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how to have a classic thoracic
Art in Action is a weekly post: a short, practical guide to applying the ideas and principles in the Focus Pocus posts to your body and life. As always, I love to hear from you about how you use them and how you translate the ideas into action.

The thoracic spine (the section of spine that is connected to the rib cage and pronounced thoh-RAS-ik) curves outward by design to balance the inward curve at the neck and low back. But our lives over keyboards and cutting boards and ironing boards (does anyone iron anymore?), our forward-leaning momentum over steering wheels and grocery carts and lawnmowers and baby carriages, exacerbates that curve. Throw in a bunch of crunches at the gym and you’ve got a mid-back that is over-stretched and weak and a front body that is shortened and tight. Yikes.

For the sake of body, breath and heart, counterbalance all of this by strengthening the thoracic spine and opening the front body. In short, do some back bending from the mid-back and heart rather than from the more-mobile lumbar (low back) and cervical (neck) spine! Here are 7 ways to get a classic thoracic heart opening:

During the day…

1. Stand up and stretch
Every 30 minutes or so, get up from your desk, lace your hands behind you, and stretch your shoulders and chest for several deep breaths. Feel the squeeze and strength in your mid-back.

2. Doorway push up
Place your hands flat on an open doorway at shoulder height with your feet a foot or more away from the door. Lean your weight onto your palms and let your chest open and your shoulder blades slide together. Hold for 3-5 breaths. (Thanks, Diane Goodbar!)

3. Chair Check
Check your posture in your favorite chairs – desk and otherwise. Do you hunch over after even a few minutes? Consider sitting on a physio ball or using a standing desk or both!

4. Ten Big Breaths
A couple of times during the day (perhaps before or after a meal), pause and breathe deeply into your back and side ribs. It can help to place your hands either on your front ribs and feel them knit together as you breathe to the back and side, or on your side ribs to feel the expansion into your palms. Ten big ones!

5. Lead with the Heart
Use an intention to lead with your heart. Whether you are driving or walking or dancing or working, let your heart move first with a gentle pull up and forward. Even holding the image in your mind of you moving through the world heart first can create a shift in your very bones.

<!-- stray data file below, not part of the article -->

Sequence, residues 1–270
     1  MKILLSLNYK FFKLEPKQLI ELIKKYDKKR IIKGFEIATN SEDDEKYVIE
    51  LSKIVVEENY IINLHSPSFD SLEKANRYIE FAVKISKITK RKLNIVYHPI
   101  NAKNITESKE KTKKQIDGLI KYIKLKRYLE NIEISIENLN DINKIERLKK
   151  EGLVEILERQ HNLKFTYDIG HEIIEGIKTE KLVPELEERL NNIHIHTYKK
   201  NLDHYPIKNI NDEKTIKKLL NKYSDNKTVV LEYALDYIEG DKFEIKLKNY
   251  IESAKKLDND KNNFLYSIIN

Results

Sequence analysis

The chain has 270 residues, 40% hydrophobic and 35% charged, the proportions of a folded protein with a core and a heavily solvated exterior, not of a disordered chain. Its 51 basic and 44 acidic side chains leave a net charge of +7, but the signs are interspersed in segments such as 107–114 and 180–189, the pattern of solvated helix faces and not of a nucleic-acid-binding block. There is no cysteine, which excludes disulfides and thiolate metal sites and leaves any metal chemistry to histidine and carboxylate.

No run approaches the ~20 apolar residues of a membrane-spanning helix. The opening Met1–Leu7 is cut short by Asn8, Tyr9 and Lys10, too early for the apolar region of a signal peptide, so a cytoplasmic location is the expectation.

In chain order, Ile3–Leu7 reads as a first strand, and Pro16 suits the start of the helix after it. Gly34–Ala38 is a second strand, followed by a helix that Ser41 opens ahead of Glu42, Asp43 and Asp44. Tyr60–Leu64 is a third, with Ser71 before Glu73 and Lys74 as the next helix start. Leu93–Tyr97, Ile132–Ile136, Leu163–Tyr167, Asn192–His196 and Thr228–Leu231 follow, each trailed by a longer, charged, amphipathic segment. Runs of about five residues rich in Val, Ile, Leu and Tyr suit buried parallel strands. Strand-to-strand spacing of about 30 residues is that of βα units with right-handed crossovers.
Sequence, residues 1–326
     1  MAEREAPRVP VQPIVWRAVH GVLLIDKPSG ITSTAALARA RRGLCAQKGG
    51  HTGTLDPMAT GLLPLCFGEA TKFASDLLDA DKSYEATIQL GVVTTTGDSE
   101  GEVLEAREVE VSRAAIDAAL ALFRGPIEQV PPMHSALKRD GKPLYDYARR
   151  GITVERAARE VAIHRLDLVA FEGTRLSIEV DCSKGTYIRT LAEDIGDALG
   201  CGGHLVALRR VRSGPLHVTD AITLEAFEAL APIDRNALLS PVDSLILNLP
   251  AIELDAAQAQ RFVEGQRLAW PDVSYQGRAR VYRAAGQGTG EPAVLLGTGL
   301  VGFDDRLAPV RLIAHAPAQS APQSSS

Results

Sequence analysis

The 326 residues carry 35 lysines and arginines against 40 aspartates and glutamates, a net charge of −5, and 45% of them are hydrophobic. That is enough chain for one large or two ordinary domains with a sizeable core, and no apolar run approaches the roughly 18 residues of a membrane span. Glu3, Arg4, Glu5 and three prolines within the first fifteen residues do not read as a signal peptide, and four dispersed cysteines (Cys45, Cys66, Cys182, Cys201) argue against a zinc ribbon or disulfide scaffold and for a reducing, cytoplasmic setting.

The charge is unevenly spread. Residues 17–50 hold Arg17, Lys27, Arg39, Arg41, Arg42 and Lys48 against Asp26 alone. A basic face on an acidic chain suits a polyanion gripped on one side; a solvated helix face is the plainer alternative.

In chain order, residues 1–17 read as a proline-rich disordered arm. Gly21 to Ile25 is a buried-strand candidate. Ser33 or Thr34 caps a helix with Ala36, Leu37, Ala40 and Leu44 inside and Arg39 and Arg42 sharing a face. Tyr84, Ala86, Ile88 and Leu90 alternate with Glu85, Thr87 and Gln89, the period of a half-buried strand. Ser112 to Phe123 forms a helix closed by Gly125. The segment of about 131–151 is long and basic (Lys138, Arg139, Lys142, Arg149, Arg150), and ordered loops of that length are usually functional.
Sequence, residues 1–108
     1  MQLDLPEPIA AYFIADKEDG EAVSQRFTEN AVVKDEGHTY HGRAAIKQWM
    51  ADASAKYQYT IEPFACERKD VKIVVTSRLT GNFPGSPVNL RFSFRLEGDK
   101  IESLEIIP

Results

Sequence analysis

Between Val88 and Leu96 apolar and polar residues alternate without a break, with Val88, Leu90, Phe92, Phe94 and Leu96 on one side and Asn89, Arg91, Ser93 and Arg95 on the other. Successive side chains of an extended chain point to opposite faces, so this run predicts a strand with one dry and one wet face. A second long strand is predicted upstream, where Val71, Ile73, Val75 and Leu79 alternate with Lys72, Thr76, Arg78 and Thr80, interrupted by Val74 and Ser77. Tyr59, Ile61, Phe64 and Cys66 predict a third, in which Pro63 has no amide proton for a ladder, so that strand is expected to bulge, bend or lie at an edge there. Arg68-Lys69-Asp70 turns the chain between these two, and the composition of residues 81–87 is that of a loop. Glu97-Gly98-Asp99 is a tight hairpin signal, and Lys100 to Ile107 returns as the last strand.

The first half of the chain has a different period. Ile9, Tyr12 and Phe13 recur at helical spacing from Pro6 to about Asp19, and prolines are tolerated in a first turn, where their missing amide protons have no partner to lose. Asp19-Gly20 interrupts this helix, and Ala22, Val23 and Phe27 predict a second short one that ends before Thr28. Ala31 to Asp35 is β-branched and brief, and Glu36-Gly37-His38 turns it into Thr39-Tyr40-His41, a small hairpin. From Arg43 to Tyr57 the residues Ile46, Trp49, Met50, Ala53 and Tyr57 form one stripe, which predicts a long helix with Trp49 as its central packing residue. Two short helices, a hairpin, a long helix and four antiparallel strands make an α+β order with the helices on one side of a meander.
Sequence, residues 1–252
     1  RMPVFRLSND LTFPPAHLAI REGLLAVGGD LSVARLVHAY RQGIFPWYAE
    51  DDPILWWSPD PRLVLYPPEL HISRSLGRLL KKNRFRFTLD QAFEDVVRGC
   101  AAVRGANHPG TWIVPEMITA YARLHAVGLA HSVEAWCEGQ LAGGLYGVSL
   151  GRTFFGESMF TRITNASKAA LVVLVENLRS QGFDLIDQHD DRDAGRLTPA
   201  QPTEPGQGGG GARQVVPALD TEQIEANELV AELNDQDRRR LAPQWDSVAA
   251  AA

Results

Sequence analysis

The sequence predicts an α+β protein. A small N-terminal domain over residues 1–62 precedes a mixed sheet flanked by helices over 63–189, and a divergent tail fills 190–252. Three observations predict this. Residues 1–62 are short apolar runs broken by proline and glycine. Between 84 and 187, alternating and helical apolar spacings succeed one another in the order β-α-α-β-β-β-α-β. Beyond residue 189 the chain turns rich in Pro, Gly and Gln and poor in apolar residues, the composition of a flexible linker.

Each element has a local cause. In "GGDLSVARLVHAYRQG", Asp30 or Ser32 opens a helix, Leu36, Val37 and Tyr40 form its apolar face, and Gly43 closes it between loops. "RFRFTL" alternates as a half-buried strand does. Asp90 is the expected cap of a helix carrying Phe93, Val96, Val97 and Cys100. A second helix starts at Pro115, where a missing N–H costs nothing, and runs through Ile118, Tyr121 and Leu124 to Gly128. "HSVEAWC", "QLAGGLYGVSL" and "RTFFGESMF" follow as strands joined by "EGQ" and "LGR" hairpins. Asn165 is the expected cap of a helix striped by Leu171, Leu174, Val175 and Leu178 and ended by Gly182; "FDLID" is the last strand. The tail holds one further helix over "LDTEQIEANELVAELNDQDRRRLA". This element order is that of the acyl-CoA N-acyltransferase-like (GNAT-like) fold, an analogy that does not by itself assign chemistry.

In the morning and/or evening…

6. Locust and Cobra pose
Experiment with either of these back-strengthening belly-down poses. Find instructions for Cobra Pose here and Locust Pose here .

7. Supported Back Bending
Lying on your back on the floor (not on a bed) place a rolled towel or firm pillow under your heart and let your body passively rest in the heart opening position. For more stretch, you can use a half or full foam roller, or a yoga block (and you may need something also to support your head). Especially if I’ve been writing or cooking a lot, I often hang out in this position while watching TV or listening to music to get a nice long opening. Which leads me to…

BONUS: I am a big fan of Yin Yoga which holds poses for several minutes to let long-held connective tissue unwind and let go. It’s a class that is taught more and more so find one and check it out. Read more about why it’s worth a try here.

AWARENESS NOTE: When working on increasing the mobility in the thoracic spine, notice that the lumbar and cervical spines have more mobility (since they don’t have the whole rib cage attached to them) and may jump in on the mobility game without letting the thoracic spine in on it. Stay aware of what’s happening in your low back and neck when doing these exercises and do your best to stabilize the upper and lower spine so your mid back gets some action.

Do you have ways of creating strength and mobility in your mid-back? Please share them in the comments below or at the Focus Pocus Facebook page!

A strong back cracks open the heart, my friends!

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